A side benefit was a small “fan club” in Finland, which I still laugh about, and my aunts don’t believe. Of course that makes it more fun.

  2. Sheryl says:

    When I saw that Jimmy had done this, I thought this was the greatest and funniest thing ever. There is probably nothing better than when A comedian gets a hold of anything of yours because that means they are paying attention. It’s the people who they ignore that you have to worry about. I would say congratulations and keep running with all the suggestions!

    • Thanks, Sheryl. The oddest thing about it is that after a week or so it starts to feel like something I just imagined happening. Good thing there’s You Tube to prove it really did!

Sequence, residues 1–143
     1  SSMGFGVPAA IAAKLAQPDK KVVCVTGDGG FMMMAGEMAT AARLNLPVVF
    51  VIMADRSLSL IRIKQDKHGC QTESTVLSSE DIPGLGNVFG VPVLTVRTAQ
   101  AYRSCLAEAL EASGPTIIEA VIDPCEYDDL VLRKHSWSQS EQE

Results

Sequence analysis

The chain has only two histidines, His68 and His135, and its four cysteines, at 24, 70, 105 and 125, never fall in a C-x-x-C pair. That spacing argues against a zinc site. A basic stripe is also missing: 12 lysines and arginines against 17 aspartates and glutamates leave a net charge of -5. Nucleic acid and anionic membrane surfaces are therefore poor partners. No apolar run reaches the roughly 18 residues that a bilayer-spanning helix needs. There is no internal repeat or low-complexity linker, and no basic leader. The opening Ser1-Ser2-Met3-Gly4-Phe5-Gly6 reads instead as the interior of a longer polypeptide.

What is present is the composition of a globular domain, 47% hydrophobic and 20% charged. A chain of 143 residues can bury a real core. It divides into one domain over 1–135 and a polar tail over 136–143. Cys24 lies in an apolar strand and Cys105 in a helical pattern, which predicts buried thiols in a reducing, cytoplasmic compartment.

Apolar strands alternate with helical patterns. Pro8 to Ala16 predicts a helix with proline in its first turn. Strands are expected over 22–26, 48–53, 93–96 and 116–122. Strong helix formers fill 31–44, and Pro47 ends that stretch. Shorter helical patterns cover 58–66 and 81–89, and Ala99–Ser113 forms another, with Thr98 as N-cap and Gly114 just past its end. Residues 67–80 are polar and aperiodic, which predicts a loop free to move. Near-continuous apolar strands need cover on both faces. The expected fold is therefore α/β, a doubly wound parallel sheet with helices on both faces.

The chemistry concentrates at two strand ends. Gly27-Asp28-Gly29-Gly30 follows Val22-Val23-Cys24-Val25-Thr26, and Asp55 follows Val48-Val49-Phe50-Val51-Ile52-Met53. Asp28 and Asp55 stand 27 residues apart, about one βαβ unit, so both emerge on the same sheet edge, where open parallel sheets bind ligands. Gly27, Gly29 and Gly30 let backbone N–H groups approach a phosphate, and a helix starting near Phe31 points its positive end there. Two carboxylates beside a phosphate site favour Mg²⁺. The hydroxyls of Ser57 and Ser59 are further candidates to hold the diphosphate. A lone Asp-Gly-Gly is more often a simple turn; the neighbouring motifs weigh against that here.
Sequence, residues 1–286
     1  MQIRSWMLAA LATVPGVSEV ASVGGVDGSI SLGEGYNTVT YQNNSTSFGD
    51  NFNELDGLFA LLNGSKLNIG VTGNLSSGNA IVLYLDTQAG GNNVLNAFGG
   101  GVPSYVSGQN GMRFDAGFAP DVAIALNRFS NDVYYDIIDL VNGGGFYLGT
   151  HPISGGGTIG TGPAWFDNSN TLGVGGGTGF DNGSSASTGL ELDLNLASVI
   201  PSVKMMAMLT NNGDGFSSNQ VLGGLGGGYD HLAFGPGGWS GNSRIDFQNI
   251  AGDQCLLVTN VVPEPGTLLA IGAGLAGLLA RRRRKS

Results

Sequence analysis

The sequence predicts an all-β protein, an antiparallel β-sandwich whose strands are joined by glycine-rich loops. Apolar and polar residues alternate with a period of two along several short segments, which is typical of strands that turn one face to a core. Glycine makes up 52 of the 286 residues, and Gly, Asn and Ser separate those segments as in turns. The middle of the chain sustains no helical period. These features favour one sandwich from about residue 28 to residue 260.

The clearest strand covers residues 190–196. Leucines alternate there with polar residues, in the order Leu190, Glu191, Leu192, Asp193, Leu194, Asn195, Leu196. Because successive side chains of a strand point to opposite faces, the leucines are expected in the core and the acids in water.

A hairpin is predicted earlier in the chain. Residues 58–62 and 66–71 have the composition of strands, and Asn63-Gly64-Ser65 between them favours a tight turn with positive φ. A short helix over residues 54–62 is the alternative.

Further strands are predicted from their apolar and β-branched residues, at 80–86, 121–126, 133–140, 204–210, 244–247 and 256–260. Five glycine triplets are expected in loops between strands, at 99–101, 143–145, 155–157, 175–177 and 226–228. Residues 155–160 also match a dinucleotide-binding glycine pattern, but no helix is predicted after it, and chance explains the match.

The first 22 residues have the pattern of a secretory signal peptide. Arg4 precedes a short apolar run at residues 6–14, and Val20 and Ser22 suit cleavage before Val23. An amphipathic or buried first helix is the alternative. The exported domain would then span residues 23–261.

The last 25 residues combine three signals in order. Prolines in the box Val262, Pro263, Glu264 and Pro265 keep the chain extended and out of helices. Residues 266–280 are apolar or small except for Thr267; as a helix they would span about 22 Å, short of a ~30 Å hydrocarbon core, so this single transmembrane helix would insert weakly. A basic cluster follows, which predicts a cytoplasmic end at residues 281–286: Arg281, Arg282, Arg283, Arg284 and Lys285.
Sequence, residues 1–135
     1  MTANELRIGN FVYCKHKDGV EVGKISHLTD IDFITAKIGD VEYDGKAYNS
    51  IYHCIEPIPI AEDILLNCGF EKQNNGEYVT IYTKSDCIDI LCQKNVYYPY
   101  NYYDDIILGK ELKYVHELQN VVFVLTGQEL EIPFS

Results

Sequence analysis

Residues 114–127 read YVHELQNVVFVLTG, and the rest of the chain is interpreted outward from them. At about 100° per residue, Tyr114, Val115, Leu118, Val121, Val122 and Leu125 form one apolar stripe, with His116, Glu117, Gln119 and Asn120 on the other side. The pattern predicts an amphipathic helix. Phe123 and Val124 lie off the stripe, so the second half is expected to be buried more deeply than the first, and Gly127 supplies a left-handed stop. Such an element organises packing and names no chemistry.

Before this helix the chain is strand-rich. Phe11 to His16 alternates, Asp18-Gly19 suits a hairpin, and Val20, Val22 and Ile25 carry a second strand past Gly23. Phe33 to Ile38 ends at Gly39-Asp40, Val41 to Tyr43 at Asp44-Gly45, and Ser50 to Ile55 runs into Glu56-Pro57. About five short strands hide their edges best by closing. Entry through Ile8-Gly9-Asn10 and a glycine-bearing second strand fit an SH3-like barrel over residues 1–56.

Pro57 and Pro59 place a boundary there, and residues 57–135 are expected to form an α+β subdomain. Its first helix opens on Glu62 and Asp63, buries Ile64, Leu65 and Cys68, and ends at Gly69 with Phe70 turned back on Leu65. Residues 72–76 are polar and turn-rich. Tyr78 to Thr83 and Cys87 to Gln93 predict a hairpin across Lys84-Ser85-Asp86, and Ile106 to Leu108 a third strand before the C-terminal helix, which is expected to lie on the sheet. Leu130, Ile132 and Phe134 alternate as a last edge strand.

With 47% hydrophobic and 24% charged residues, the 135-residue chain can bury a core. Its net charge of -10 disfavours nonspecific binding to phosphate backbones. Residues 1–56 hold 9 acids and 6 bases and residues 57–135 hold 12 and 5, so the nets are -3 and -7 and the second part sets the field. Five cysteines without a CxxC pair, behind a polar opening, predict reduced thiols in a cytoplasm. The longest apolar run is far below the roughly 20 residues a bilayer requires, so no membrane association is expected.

3. David Plimpton says:

    I think Fallon did you a big favor. I’m guessing his “Do Not Read” feature, which I don’t follow so can’t say I know well, probably has the general effect of making many viewers want to check out some of the books featured.

    Puns are tricky. But your title is catchy, no matter how the pun is evaluated. Fallon, in a tongue-in-cheek manner, tried to take advantage of it’s comedic value — the ironic, odd combination of juxtaposed images or concepts — one foundation of comedy. There also seemed to be a satirical twist to his suggesting, while seeming to say the opposite, what is true — that everyone is fascinated by murder, even though they may not want to think about it when they think about Christmas. So, in a left-handed way, he’s saying to read your book, because you’ve creatively put the two supposedly contradictory things together in a story.